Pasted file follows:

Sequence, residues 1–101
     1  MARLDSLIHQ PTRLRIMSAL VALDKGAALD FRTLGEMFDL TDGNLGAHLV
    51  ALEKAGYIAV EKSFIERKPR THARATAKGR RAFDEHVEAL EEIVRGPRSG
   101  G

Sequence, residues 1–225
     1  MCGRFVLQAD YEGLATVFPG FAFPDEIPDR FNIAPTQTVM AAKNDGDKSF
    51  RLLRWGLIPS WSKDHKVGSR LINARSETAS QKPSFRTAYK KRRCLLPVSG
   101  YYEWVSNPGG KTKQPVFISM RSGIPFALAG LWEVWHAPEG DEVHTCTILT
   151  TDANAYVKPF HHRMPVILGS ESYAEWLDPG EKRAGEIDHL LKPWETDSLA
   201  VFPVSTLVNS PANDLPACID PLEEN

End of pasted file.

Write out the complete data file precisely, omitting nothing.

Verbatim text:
Sequence, residues 1–101
     1  MARLDSLIHQ PTRLRIMSAL VALDKGAALD FRTLGEMFDL TDGNLGAHLV
    51  ALEKAGYIAV EKSFIERKPR THARATAKGR RAFDEHVEAL EEIVRGPRSG
   101  G

Sequence, residues 1–225
     1  MCGRFVLQAD YEGLATVFPG FAFPDEIPDR FNIAPTQTVM AAKNDGDKSF
    51  RLLRWGLIPS WSKDHKVGSR LINARSETAS QKPSFRTAYK KRRCLLPVSG
   101  YYEWVSNPGG KTKQPVFISM RSGIPFALAG LWEVWHAPEG DEVHTCTILT
   151  TDANAYVKPF HHRMPVILGS ESYAEWLDPG EKRAGEIDHL LKPWETDSLA
   201  VFPVSTLVNS PANDLPACID PLEEN